State Elections Chief Faces Criticism Over Partisanship

Posted by .

 1491238611 
1541167767

Spencer Williams, Alabama Secretary of State's Office

Alabama Secretary of State John Merrill has gotten into some intense partisan Twitter battles recently. Merrill is a Republican and he is running for re-election this Tuesday. Partisanship is to be expected among political candidates. But is it a problem when you are also the state’s top elections official?

In a recent campaign advertisement, Merrill stands outside in front of a red trolley car and urges the people of Alabama to get out and vote. Later in the video, he tells them how they should vote. “Go in the ballot booth and pull the red elephant’s tail,” he says, “voting for all the Republicans … We need your help and your support in making sure there’s a red tidal wave.”

Like many candidates running in Tuesday’s midterms, Merrill is campaigning for himself and his party. The thing is, as secretary of state, Merrill is Alabama’s chief elections official, so he oversees the election he is a part of. That has led to questions about whether that crosses an ethical line.

“I think it’s an unavoidable conflict of interest,” David Kimball, political science professor at the University of Missouri-St. Louis says. Having the secretary of state serve as the chief election official is not new and it is not unique to Alabama, he says. But the level of partisanship sets it apart. “Yeah that’s the problem in a nutshell,” Kimball says. “I mean I think voters have a right to wonder, is John Merrill or any other elected secretary of state making decisions that serve his political interests primarily, or is he making decisions that serve all Alabama voters?”

Merrill says there’s no conflict. “None at all,” he says, “and the main reason for that is because the way the Alabama election system is structured. This isn’t the first time Merrill has gone to great lengths to help those in his party. In 2015 during the presidential primaries, he worked to lure Republicans to Alabama and publicize their events to voters statewide.

When it comes to elections, Merrill says he doesn’t do the job alone. Local election officials help administer elections too, he says. David Kimball says that argument does not carry much weight. “It’s not like he has no influence over elections there,” Kimball says. “He’s the top elections official in the state. He’s got power.”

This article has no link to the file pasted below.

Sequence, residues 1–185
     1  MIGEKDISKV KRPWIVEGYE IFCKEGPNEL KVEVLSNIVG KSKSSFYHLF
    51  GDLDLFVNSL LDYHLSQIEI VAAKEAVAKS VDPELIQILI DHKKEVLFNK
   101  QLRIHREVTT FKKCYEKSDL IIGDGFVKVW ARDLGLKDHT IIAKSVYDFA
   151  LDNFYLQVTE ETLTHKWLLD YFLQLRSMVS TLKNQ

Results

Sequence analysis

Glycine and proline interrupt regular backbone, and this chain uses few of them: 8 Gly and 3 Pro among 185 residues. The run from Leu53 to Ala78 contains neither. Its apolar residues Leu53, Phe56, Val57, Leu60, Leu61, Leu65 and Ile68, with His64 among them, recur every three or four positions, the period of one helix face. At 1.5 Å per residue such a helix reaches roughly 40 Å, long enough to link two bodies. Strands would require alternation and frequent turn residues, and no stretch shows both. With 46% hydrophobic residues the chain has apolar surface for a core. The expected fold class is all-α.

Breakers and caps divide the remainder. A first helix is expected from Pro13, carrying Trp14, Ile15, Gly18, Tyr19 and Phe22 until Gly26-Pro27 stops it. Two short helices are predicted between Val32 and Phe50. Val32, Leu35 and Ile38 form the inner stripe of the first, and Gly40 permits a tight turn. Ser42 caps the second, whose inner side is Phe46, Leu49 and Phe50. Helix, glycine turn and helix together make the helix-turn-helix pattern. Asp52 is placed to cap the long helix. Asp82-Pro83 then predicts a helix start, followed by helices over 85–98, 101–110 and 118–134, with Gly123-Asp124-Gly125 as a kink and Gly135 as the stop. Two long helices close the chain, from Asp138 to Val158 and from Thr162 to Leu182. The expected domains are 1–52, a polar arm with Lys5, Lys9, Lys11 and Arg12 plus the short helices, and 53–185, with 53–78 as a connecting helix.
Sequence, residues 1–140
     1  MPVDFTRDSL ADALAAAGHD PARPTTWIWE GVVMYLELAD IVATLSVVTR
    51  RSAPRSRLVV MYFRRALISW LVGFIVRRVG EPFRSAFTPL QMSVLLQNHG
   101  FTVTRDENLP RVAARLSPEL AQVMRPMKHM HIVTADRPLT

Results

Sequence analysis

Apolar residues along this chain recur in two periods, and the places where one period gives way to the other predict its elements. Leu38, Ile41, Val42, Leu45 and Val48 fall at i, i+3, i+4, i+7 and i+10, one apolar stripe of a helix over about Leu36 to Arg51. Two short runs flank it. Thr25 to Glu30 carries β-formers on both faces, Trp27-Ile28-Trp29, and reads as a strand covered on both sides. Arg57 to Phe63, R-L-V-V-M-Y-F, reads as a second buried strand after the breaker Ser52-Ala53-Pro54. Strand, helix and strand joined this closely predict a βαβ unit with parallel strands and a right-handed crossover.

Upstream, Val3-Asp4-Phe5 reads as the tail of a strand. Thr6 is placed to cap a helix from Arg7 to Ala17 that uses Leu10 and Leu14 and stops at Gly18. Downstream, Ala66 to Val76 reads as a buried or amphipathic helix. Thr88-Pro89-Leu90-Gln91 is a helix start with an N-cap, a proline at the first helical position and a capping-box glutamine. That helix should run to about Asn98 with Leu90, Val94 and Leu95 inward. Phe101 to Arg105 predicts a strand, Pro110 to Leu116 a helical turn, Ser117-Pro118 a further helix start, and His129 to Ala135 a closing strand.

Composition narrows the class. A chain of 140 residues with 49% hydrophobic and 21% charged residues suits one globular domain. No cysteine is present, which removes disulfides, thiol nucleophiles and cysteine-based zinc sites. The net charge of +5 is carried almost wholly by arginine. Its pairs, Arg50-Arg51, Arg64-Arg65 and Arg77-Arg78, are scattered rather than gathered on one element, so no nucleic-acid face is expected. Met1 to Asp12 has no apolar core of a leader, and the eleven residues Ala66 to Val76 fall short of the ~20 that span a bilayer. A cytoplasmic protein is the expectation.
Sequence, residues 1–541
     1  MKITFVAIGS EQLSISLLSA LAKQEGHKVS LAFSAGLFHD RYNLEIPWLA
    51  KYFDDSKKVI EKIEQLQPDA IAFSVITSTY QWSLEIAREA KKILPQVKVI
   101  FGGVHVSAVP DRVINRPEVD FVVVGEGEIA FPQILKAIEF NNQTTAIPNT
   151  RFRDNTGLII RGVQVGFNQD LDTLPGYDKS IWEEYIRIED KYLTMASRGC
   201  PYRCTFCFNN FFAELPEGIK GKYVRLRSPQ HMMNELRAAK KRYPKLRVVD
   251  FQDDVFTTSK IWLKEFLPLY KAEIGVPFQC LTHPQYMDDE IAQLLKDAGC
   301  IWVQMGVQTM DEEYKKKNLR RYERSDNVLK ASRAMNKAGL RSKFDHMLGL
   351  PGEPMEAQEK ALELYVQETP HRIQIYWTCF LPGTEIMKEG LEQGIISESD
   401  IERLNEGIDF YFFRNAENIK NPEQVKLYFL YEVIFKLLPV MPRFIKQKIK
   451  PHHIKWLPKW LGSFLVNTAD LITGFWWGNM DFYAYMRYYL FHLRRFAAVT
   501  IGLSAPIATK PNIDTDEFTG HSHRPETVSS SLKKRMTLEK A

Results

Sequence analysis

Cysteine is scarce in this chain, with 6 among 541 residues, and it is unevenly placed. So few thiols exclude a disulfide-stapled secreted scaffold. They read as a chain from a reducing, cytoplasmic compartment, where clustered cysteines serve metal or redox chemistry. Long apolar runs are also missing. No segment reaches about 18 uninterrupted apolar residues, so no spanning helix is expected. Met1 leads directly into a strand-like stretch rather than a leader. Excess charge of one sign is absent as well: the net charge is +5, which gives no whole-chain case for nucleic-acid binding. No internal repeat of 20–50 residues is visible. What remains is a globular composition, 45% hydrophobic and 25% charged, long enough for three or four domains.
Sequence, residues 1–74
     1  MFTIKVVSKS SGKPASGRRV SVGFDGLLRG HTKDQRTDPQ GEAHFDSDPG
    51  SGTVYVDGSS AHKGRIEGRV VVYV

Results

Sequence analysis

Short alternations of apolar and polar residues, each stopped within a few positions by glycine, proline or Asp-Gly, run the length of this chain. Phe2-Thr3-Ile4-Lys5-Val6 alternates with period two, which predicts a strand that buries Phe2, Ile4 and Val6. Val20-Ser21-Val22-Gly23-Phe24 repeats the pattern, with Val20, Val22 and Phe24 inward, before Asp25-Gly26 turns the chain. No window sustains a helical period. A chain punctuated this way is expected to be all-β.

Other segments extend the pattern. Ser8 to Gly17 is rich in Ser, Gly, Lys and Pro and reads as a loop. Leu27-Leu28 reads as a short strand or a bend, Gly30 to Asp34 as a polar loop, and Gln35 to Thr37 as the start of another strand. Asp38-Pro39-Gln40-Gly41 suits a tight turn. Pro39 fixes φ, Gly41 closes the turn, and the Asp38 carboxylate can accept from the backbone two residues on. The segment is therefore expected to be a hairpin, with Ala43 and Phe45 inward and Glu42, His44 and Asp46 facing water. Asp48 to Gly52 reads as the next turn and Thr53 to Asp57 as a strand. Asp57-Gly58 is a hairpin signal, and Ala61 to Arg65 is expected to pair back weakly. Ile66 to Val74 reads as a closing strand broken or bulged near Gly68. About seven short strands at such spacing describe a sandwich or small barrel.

Kimball says in other democratic countries, elections are often handled by independent, non-partisan groups. Some states have pushed to implement something similar. To change Alabama’s system would require changing state legislation, which is not likely to happen anytime soon.

Heather Milam, Merrill’s Democratic opponent in the race, says by nature of the system, the position is partisan, but she says, “even though you are affiliated with a party, you can still execute the job in a non-partisan fashion. It doesn’t take much effort to just not say things that would influence an election.”

That includes on social media. Merrill has come under fire recently for blocking his critics on Twitter, including Milam at one point. In a heated Twitter exchange, he told Mallory Hagan, a Democrat running for Congress, she is going to lose. And he has tweeted things like “liberals don’t care about helping people.”

 

Milam says Merrill is misusing his position. “He has the ability to influence elections and that’s exactly what he should not be doing,” Milam says.

When asked about the impact of partisanship, Merrill says he sees it differently, adding he keeps his party affiliation separate from his role as secretary of state. But if that red tidal wave ushers in big wins for Republicans statewide this Tuesday, he would not be disappointed.

 

Mary Scott Hodgin

Mary Scott Hodgin

Health and Science Reporter



Jefferson County’s First African American Sheriff Wants to Boost Diversity
01-14-2019

Mark Pettway begins his job as Jefferson County sheriff today. He’s the first African American to hold that post after defeating longtime Republican Sheriff Mike Hale in November. One of his priorities is to hire and promote more women and minorities in law enforcement.

New Jefferson County Commission Takes Office With Three New Members
11-14-2018

Sheila Tyson and Lashunda Scales were sworn into office as Jefferson County commissioners Wednesday, along with Steve Ammons, a former Vestavia Hills City Council member. Tyson and Scales are Democrats; Ammons is a Republican. The Republican majority continues on the commission with incumbents Jimmie Stephens and Joe Knight.

Jefferson County’s ‘Blue Wave:’ How the First Black Sheriff and District Attorney Won Election
11-13-2018

Jefferson County’s first black sheriff and district attorney were swept into office Tuesday on a wave of Democratic straight-ticket voting.

Democrats Angered at Lack of State Party Support
11-13-2018

Democrats across the country took the House and flipped several governorships during the midterms. It was a different story in Alabama. Democrats here lost every statewide race, and they lost five statehouse seats to Republicans. Recent news reports say the Alabama Democratic Party sat on hundreds of thousands of dollars — money candidates say could have been used toward their campaigns. Many Alabama Democratic candidates blame their poor performance on the lack of support from the state Party.

Former AL Senator Jeff Sessions Resigns as Attorney General
11-7-2018

The day after the 2018 midterms, Jeff Sessions has resigned as attorney general. In a letter to President Trump, Sessions told the president that he is stepping down “at your request.”